The forms of cooperation proposed in the Guidelines fall along a continuum, beginning with actions that are possible now under many existing insolvency laws and ranging to forms of cooperation that will require amendment to most existing laws to achieve.   The Guidelines propose “universal principles,” contained in Guidelines 1-6, which may be employed under many if not most existing insolvency regimes, and which should be applied in all cross-border multinational enterprise insolvencies. These universal principles urge insolvency practitioners to identify all affiliates of a debtor and all corporate managers responsible for the global operations, to advise the court of any affiliates, and to notify all affiliates of the bankruptcy filing. The courts are encouraged to authorize affiliates to be heard on any matters that affect the enterprise. The courts are also urged to defer the COMI determination of a debtor until after it ascertains all factors relevant to the enterprise’s operations. They are urged to use the Communications Guidelines in communicating with other courts that have jurisdiction over affiliates. Finally, insolvency representatives are urged to communicate freely with their counterparts in other nations to ensure cooperation and coordination of multinational insolvencies.

Guidelines 7-11 are currently permitted in many insolvency jurisdictions, but not all. They encourage the use of protocols, which as discussed above is becoming the standard means of coordinating cross-border cases. The Guidelines also suggest that where conflicts of interest permits, a single insolvency representative and a single office holder for each other category (such as counsel, accountants, restructuring officers and creditors’ committees) be appointed for all members of the group.

Finally, Guidelines 12-22 focus on the concept of deference to a group center for an integrated multinational enterprise, to permit the value of the multi-national enterprise to be maximized for the benefit of all stakeholders. The Committee recognizes that these Guidelines would require amendment of existing law in most if not all jurisdictions, and they are, therefore, proposals for legislative reform. They were drafted to supply assistance as the European Union and UNCITRAL, and nation states restructuring their insolvency laws, as they turn to consideration of the insolvencies of multi-national enterprises.

The Guidelines are silent on choice of law issues. Earlier iterations attempted to propose certain guidelines for choice of law in multi-national cases, but after discussion in the International Insolvency Institute and with the Committee’s advisors, the Committee concluded that it would not be possible to reach consensus on choice of law rules. Parties in interest are, of course, free, and encouraged, to address choice of law issues in protocols, where feasible.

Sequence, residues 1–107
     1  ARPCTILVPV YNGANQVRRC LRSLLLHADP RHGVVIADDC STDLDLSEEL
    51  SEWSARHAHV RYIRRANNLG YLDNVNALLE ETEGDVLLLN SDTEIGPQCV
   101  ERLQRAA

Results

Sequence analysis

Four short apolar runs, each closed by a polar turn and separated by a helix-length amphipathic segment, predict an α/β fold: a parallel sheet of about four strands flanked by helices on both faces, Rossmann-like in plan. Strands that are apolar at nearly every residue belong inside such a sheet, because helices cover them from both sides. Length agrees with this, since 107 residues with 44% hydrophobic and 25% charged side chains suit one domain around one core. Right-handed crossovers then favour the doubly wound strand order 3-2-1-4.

The Committee hopes that these Guidelines will provide tools to assist courts and practitioners in wrestling with cross-border cases, and will suggest paths for legislative reform.


Questions regarding this advisory should be addressed to Susan Power Johnston (212-238-8695,, or James Gadsden (212-238-8607,


[1] A well-known example of this problem arose in the Lehman case, in which the U.S. bankruptcy court and the U.K. bankruptcy court reached opposite conclusions about the enforceability of a provision in transaction documents governing credit-linked synthetic portfolio notes that fixed the relative priority of the interests of the noteholders and the issuer following default. Compare Lehman Bros. Special Fin. Inc. v. BNY Corporate Tr. Servs. Ltd., 422 B.R. 407 (Bankr. S.D.N.Y. 2010) and Perpetual Tr. Co. Ltd. V. BNY Corporate Tr. Servs. Ltd., [2009), EWHC 1912, 2009 WL 2221998. Another example arose in the Qimonda case, exploring the marked difference between how patent licenses are treated in German law and US law. In re Qimonda A.G. Bankruptcy Litigation, 433 B.R. 547 (E.D. Va. 2010).

[2] See, e.g., UNCITRAL Practice Guide on Cross-Border Insolvency Cooperation, I.A.1-3, pp. 9-10 (United Nations, 2010); see also Revision of the European Regulation: Proposals by INSOL Europe, May 2012, pp. 7-8  

[3] Several international initiatives have attempted to address the problems of cross border insolvencies. None of them include comprehensive provisions for multi-national corporate enterprise insolvencies. See, e.g., UNCITRAL Model Law on Cross Border, the E. U. Regulation, the increasing use of ad hoc protocols, the Principles of Cooperation Among the NAFTA Countries, and the Global Principles for Cooperation in International Insolvency Cases.